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Cavs and Commodores to Meet for CWS Championship

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Sunday marked the final practice day of the season for the last two college baseball teams in the country still standing.

Virginia and Vanderbilt both got their workouts in on Sunday afternoon at Omaha's TD Ameritrade Park, where the best-of-three championship round of this year's College World Series starts Monday night.

Both teams are playing for the first national championship in program history, after reaching the CWS finals for the first time.

"It's been a very exciting journey," Vanderbilt coach Tim Corbin told reporters at Sunday morning's pre-practice news conference. "I guess when you get here, you tell the kids to pack for 12 or 13 days. But you never know whether or not that's going to be a reality or not. So for us to be in this position, we're proud."

"When you get to Omaha, things change," said UVa coach Brian O'Connor. "And it becomes even more difficult, because there's eight teams that have all earned the right to be here to play for a national championship."

"In the three ballgames we've played, we've played really good, consistent baseball," O'Connor added. "And that's the kind of baseball it's going to take to win the next series."

Both coaches confirmed their pitching plans for Monday night's championship opener. The Commodores will go with the combination of junior right-hander Tyler Beede -- the first-round pick of the San Francisco Giants earlier this month -- and sophomore righty Walker Buehler. Buehler pitched 5 1/3 no-hit innings in relief of Beede in Monday night's 6-4 Vanderbilt win over UC-Irvine in Omaha.

The Cavaliers will counter with their ace, sophomore All-American Nathan Kirby. The lefty pitched into the eighth inning for UVa in the Wahoos' CWS opener against Ole Miss, taking a no-decision after giving up one hit and one run in the Cavaliers' 2-1 win.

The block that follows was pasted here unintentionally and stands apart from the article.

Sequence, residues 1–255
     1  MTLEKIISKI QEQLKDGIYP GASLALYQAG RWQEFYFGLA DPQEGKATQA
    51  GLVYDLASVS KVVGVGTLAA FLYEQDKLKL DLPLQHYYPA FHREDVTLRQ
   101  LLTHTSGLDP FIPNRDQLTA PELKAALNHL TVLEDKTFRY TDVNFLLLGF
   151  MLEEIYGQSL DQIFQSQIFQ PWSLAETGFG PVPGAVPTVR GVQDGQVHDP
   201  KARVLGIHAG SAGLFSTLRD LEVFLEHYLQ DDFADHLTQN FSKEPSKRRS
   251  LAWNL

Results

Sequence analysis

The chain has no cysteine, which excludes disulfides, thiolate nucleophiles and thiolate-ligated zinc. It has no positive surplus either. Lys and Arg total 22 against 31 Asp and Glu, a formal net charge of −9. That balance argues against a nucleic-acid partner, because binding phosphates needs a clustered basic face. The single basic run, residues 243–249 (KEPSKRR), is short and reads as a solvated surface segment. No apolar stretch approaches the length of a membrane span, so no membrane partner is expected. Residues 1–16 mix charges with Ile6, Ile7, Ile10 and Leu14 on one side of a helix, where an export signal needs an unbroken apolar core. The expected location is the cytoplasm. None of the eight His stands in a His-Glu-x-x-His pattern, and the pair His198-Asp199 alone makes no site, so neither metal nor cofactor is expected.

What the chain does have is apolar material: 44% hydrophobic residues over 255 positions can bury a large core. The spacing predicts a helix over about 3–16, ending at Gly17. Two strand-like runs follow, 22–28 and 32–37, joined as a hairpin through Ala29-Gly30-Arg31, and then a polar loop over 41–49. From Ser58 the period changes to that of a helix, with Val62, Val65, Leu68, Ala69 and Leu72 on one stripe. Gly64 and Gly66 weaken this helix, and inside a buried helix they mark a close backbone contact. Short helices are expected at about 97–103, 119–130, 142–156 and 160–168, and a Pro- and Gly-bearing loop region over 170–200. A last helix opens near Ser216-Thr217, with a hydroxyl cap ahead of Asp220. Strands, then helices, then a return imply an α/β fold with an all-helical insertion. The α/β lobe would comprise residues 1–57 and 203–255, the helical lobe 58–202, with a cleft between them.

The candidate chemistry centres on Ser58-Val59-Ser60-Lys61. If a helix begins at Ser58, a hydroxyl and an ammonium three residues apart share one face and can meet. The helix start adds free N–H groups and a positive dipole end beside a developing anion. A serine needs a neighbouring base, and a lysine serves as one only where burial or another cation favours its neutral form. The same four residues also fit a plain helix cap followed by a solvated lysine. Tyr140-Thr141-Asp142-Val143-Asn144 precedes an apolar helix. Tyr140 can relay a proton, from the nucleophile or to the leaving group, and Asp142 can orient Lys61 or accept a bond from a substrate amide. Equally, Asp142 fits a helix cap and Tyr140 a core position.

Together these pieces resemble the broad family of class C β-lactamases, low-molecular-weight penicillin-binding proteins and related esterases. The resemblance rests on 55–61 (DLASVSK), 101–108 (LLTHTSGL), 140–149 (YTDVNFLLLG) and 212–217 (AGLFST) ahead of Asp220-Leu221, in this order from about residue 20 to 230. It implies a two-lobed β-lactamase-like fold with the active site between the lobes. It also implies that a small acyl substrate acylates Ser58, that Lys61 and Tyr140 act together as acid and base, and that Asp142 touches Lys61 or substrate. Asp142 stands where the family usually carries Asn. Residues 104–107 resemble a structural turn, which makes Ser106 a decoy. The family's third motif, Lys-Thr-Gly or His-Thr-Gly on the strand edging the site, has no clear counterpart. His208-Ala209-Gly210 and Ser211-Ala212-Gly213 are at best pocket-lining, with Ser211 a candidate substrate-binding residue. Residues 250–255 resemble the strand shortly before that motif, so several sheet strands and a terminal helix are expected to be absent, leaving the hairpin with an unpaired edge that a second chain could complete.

"Oh, it's quite an honor," Kirby said of getting the Game 1 start. "Last year was a lot of ups and downs, more downs than ups. But last year is behind me. And to be out here this year with this team, and how well we've played, I think it's great. I've already got butterflies just sitting up here, thinking about being out there. But I think it's going to be a lot of fun."

"He's one of those kids that you're glad he's on your team," said UVa sophomore outfielder Joe McCarthy. "You face him in practice, and you're like, "Man. This kid good. He's got it." And we're just happy, he goes out there and competes for us every day he's out there."

"Our chances are good, no matter who we're starting. Our starting pitchers have been awesome all year," said UVa junior outfielder Derek Fisher. "But Nathan Kirby speaks for himself. He's been clutch, he's been big-time all year. Just as long as he goes out there and throws strikes, and does what he's been doing every single start this year, we're going to be pretty good."

Kirby's emergence as one of the top pitchers in the country is a big reason why UVa was able to live up to the lofty expectations they played with throughout the season. The Cavaliers began the year ranked No. 1 in the country by Baseball America, and spent much of the regular season on top of those national rankings.

Now the Cavaliers find themselves where they were expected to be, entering this final week of baseball. And they say they reached this point by taking a day-by-day approach to the season.

"You can't really think about making it all the way to the finals on the first game of the season," said junior first baseman Mike Papi. "And having that game-by-game mentality, and coming to the field and giving 110 percent every day, and having the confidence that the coach has in us, in giving us the comfort and allowing us just to relax and go out and play, I think has led us all the way here."

"I think the coaches' expectations have, throughout the whole year have been higher for us than anyone outside the baseball stadium," said Kirby. "So I think by them going and pushing us, I think we can kind of break down the barrier of anything outside the white lines. Because we've gone out, we've played our way all year, and we know we're here. And that's all that matters."

"We had to step up and prove ourselves. We had that No. 1 next to our name before we played a single game the entire year. So for us to prove that we are one of the best teams in the country, it matters at the end of the season more so than at the beginning."


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